• Customized modules such as Admissions, Courses, Dining Services, and Library, extract content from our full site using HTML ID tags. Another great and useful module is the Emergency module. In addition to being able to display emergency contact information, we also took advantage of our CMS feeds. With regard to emergencies, our full site’s homepage displays an emergency notice. We built this page as a XML feed and reuse it in the configuration file on the mobile site. This same notice will appear on the mobile site’s homepage. No need to enter copy twice in two separate places.
  • For us, the most powerful module within the framework is the Map module. It allows you to browse and search for places and view them on a map. We created the feeds in Google Earth; each feed is a pin and then we exported the map as a KML file. The Map module reads from this file and each feed or pin is displayed as a category on mobile devices. The most amazing feature for this module is that it takes advantage of mobile devices’ geo-location to add to its functionality. When you search on the map for a building, it will give you directions from Google Maps on how to get there based on where you are. Further, when you view an event in the calendar module, you can find the event location on the Module map thanks to the Meta tags included in the KML file. These are just some examples of how powerful open-source can be.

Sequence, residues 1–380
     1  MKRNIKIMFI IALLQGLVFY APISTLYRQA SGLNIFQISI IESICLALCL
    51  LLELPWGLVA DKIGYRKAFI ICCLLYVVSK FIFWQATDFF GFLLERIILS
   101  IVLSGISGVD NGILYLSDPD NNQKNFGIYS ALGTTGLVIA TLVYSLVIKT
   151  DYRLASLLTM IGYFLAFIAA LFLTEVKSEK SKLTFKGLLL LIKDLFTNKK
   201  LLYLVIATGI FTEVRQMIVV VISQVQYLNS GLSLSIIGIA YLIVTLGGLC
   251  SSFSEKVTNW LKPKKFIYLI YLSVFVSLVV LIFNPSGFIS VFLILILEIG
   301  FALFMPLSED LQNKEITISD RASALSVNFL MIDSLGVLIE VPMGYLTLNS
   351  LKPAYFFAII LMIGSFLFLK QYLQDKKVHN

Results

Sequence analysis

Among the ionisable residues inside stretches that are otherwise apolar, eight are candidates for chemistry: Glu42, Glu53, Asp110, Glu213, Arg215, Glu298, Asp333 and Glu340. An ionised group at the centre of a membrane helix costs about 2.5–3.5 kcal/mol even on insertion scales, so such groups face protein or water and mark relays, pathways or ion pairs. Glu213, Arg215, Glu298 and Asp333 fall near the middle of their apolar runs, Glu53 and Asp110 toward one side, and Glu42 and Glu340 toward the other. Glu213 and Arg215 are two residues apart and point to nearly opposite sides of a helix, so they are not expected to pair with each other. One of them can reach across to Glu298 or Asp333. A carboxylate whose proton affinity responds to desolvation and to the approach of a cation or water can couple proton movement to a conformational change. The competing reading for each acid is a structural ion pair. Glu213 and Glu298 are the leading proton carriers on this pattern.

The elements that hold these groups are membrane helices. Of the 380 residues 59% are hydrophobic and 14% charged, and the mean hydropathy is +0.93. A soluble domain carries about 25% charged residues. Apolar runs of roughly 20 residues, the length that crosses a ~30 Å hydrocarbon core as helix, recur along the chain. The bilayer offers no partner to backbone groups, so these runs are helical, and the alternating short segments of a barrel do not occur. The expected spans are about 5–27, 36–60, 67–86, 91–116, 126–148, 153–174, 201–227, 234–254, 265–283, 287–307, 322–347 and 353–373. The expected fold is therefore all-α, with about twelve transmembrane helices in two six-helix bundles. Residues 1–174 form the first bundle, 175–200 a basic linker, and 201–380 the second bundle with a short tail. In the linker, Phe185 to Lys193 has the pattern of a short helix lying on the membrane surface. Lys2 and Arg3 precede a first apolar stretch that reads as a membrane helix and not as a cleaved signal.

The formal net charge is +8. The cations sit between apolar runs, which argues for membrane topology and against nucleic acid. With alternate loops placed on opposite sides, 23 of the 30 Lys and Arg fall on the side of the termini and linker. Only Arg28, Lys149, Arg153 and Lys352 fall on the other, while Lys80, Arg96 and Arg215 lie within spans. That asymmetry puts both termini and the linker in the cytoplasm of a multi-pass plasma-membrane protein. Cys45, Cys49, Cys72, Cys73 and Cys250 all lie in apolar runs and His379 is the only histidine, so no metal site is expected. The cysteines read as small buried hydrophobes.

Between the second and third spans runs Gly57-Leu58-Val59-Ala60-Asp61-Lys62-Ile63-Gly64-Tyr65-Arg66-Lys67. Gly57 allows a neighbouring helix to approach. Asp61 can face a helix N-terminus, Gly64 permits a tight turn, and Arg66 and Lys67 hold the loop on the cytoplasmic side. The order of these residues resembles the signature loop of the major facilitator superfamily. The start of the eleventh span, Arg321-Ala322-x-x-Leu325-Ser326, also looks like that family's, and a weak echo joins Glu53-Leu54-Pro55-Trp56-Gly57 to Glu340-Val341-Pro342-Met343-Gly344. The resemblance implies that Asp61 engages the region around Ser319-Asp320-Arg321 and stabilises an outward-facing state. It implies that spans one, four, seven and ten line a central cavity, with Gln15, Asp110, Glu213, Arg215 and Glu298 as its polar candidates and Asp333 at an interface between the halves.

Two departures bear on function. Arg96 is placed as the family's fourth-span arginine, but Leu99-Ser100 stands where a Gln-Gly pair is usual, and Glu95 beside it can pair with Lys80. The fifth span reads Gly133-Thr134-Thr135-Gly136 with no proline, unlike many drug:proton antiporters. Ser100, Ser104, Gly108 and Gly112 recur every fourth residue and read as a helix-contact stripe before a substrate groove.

• Today having a mobile presence is a must. If responsive design is not an immediate option, like in our case, a mobile framework can be a great temporary solution, because you save time on the initial coding, configuration and customization. However, there are numerous debates out there about whether or not is good to have an additional mobile site in addition to the full site; as opposed to just developing a responsive web site. Using our case, we will analyze both approaches.
  • As we have heard, the advantages of Responsive Web Design are that one design fits all; no domain redirects; and you conveniently maintain your code and content in one single place.
  • However, because a RWD site is a scale-down version of your full site, some tend to hide images or content as the resolution goes down; this content and images still downloads to mobile devices creating bandwidth issues for mobile users (Blog design, 2013). On the other hand, if you decide not to hide your content, users will have some scrolling to do if too much content on the page. RWD also takes an estimated 30% more time to design and implement.
  • A mobile site on the other hand, is created with specific content geared to mobile situations, therefore download time is faster; a mobile site also takes advantages of mobile devices features such as geo-location, initiating calls from links, and touch events that lead to instant sharing.